Google obviously thinks this technology has a future, and so do I. I think it’s future is huge. So too does an author at Forbes, who I have to thank for much of what will follow here. Google’s car will not only affect the way people drive cars, but it will have a lasting impact on numerous industries.
Chunka Mui says the Google car will eventually affect:
Car insurance – Google thinks its car would reduce accidents by 90%.
Gasoline consumption and sales – A road with self-driving cars would mean far more fuel efficiency. No more annoying traffic waves!
Car sales – We’ll need fewer cars in the United States if a car can be shared by driving itself to another person, essentially delivering itself to the next user. Every home could be a one car home.
Personal injury lawyers – No accidents, no lawyers!
Real estate values – Prime real estate will no longer be wasted on parking. People who live and work in a metro area could have their car park itself miles away, where land values are lower and parking spaces don’t cost $100,000.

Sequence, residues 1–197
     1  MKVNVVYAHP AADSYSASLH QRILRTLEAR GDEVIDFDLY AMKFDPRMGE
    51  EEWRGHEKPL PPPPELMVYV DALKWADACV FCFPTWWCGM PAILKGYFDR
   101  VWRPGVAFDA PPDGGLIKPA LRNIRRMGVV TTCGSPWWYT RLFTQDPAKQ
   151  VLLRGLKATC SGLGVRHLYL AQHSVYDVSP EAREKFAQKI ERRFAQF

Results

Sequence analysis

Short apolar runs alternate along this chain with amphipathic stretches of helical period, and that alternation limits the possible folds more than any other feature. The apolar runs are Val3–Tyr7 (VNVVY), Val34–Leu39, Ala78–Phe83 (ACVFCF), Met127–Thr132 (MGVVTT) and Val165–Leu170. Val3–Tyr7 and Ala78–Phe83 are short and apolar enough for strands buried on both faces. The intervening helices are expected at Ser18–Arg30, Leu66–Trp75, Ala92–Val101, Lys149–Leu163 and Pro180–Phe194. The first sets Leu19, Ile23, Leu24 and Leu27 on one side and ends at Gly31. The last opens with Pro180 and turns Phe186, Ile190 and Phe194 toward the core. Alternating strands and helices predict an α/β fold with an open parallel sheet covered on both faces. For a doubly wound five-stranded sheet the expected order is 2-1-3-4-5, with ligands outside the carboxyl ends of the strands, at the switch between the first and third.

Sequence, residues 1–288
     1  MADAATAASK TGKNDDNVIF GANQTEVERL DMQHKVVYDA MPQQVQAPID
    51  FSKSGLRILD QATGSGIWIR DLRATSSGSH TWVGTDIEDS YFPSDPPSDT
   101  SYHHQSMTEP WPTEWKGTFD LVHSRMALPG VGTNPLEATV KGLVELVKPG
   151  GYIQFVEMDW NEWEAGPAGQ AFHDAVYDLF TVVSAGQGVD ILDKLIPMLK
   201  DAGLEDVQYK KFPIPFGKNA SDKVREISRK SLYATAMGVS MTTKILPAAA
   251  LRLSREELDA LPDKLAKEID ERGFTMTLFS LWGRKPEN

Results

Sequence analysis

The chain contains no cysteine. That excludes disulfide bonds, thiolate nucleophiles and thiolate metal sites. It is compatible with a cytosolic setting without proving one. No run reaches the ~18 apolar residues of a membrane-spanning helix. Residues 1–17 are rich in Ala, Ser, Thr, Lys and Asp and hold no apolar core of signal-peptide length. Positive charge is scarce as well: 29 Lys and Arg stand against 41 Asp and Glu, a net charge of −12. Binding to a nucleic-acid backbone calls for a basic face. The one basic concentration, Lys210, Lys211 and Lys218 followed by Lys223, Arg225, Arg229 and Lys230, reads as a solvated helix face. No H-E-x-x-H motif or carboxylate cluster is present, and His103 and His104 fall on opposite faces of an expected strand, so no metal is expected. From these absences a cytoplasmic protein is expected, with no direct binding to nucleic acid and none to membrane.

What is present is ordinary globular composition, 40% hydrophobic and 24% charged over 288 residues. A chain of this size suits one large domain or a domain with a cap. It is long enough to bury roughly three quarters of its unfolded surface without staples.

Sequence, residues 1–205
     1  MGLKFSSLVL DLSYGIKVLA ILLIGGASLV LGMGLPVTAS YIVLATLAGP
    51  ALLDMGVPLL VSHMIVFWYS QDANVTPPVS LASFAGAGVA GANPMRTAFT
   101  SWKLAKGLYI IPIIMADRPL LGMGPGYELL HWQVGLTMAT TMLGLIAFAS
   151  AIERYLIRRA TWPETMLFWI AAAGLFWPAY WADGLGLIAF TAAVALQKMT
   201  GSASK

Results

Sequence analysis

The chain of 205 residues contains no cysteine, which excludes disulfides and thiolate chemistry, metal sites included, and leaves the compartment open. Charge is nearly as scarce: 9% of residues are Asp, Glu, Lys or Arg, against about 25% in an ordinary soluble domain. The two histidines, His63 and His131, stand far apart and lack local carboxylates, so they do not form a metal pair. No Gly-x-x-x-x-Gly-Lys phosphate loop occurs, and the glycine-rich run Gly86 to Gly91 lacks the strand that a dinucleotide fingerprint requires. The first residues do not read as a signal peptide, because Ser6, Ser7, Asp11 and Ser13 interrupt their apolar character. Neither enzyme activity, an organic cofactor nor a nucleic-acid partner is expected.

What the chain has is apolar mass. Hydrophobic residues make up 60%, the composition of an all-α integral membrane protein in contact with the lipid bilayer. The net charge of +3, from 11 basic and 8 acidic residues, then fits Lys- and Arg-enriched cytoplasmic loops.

Municipalities and state governments – See ya later, traffic tickets and licensing revenues.
Health care – Fewer traffic accidents mean far fewer emergency room visits. This is good for everyone as there will be more doctors, nurses, and hospital staff in general to go around.
Car repair businesses – Fewer cars and accidents mean fewer repairs and regular maintenance.
Mui’s next article in the series (not yet published) is about how Google will make money from their driverless car. Frankly, I don’t think this will make Google all the much money, and by the time it does generate any profits (assuming it does) they’ll have little net present value today. I see this as another example of a company that changes the world and makes no one rich. I’m interested to see what Mui has to say, though.
I’m still wondering if the driverless car will ever be made legal. What, with millions of people out of work (adios insurance sales, lawyers, gas station attendants, etc.), I expect a whole lot of lobbying to keep this from becoming law. Hell, you can’t even pump your own gas in a few states.
Mui’s article makes me realize the ridiculous amount of resources we dedicate to transportation including all the externalities. A Google car can definitely change the way we think about transportation, but can it make Google money?